JOHANN CHRISTIAN BACH Sei Sinfonia London, 1782
Nachtmusique Eric Hoeprich
Nachtmusique Eric Hoeprich, director
Eric Hoeprich, clarinet Óscar Argüelles, clarinet Javier Zafra, bassoon Eyal Streett, bassoon Erwin Wieringa, horn Gijs Laceulle, horn
Total playing time: 63:53 Recorded in Haarlem (Doopsgezindekerk), Netherlands, in January 2009 Engineered by Guido Tichelman Produced by Guido Tichelman and Eric Hoeprich Executive producer: Carlos Céster Design: Valentín Iglesias Booklet essay: Eric Hoeprich English Français Deutsch Español
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JOHANN CHRISTIAN BACH (1735-1782)
Sei Sinfonia Pour Deux Clarinettes, Deux Corsde Chasse et Basson
1-4 Sinfonia III in Eb 5-8 Sinfonia IV in Bb 9-12 Sinfonia V in Eb 13-16 Sinfonia VI in Bb 17-20 Sinfonia I in Eb21-24 Sinfonia II in Bb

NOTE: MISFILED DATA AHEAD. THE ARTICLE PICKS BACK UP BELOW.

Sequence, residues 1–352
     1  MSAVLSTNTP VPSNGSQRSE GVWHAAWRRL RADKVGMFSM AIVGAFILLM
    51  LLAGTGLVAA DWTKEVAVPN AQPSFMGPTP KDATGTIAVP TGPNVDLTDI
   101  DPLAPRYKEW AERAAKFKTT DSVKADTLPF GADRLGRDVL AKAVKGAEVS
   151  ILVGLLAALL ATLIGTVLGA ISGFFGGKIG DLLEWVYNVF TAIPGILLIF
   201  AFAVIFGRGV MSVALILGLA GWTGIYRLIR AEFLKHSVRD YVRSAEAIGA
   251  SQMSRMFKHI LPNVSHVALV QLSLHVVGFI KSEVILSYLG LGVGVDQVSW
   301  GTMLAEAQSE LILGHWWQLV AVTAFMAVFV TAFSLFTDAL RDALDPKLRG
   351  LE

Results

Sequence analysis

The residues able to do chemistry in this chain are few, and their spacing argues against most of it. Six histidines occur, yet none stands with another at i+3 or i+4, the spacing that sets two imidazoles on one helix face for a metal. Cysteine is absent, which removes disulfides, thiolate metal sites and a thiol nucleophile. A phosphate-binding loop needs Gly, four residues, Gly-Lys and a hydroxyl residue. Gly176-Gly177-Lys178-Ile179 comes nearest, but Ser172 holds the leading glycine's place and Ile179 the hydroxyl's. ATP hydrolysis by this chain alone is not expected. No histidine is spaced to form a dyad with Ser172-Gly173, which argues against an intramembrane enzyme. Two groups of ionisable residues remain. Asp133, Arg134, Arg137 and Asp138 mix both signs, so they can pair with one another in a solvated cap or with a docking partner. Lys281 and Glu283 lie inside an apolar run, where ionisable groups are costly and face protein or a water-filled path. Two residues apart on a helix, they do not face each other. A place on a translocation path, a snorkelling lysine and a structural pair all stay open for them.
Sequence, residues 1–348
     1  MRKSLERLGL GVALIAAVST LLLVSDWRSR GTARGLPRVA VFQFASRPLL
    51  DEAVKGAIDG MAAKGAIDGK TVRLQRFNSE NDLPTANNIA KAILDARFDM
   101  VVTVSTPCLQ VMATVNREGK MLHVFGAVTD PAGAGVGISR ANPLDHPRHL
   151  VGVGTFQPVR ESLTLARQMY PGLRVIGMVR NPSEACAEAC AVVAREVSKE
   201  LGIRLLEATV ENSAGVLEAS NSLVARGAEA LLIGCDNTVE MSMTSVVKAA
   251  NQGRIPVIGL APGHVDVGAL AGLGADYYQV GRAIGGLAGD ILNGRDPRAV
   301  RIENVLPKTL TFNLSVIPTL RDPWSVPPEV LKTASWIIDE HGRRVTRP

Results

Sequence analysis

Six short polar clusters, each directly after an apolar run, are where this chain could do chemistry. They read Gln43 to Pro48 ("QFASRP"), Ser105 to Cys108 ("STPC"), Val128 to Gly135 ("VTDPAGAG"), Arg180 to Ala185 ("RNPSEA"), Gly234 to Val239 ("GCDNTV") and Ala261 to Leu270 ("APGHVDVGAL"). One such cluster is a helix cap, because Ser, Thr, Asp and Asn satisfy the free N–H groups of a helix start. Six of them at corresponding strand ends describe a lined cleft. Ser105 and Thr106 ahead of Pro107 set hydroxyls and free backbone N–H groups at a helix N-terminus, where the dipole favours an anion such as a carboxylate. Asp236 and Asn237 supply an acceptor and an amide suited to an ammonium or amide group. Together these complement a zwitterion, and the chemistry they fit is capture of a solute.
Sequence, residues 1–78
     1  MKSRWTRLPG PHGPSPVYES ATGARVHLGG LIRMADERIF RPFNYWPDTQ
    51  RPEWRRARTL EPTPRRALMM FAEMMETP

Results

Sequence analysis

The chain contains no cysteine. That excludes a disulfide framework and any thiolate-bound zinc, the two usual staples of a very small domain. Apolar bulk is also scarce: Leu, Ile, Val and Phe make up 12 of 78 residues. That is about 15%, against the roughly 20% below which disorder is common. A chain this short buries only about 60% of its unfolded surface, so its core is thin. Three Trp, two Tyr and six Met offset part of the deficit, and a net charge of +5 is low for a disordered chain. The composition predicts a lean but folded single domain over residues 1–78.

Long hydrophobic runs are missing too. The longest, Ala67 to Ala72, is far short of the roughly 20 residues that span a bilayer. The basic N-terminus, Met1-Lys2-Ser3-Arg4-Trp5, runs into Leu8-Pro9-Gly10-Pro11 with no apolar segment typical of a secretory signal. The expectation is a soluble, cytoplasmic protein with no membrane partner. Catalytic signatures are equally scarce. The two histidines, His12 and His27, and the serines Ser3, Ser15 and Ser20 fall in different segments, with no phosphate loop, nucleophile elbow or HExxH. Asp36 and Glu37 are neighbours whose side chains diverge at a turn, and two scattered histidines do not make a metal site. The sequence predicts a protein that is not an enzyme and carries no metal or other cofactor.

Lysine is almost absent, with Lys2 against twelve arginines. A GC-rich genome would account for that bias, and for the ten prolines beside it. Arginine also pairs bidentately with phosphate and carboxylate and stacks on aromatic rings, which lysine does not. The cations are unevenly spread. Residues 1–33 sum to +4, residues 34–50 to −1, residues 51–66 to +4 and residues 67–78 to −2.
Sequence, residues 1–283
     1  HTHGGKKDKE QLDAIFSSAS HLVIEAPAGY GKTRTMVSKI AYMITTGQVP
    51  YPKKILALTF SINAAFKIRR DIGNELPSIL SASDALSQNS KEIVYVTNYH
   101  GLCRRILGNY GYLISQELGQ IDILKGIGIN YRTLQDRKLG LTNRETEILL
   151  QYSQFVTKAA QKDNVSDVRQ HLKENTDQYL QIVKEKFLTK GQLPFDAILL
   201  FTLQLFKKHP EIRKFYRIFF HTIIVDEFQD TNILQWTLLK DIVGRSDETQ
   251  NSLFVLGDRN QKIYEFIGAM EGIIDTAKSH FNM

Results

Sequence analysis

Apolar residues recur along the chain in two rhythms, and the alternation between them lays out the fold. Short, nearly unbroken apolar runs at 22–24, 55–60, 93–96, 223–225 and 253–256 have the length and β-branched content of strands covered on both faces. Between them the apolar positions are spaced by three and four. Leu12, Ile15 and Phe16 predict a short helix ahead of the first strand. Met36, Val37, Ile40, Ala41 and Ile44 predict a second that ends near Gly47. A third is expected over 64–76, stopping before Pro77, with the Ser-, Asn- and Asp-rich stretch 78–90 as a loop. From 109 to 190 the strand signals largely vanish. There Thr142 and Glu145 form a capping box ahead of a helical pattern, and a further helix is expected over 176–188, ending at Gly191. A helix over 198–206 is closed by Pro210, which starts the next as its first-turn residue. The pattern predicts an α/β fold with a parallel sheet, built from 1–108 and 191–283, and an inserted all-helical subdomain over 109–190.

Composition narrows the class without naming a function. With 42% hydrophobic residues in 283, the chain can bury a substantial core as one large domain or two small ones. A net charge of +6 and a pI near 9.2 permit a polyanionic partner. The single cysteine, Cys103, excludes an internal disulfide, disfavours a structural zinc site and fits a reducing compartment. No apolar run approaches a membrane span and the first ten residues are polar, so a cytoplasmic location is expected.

About this CD
Johann Christian Bach (1735-1782), the youngest son of Johann Sebastian Bach and Anna Magdalena, moved to London in 1762, where three operas were staged rapidly in succession with immediate success. With his reputation established, he settled for good in the British capital where he spent the remainder of his life; thus the epithet, “the English Bach”.
The works for wind sextet recorded here, his Sei Sinfonia, were published in London, posthumously, in 1782. The Sei Sinfonia adopt the structure of a Classical symphony with four movements in the usual order: opening allegros are in sonata form, followed by lovely, inventive adagios and either a minuet or a “march”, and ending with terse, quick movements, often in two. Stylistically we see Johann Christian Bach as a major proponent of the “galant” style, considered a move away from the contrapuntal restrictions of his father’s music and as a precursor to the Classical idiom of Haydn, Mozart and Beethoven. But every rule embodies an exception, and although this music is quite poised and indeed “galant”, it also seethes with expression of deeper emotion more readily associated with other artistic trends of the era, such as Empfindsamkeit and Sturm und Drang.
The instruments used in this recording would have been of exactly the type known to Johann Christian Bach.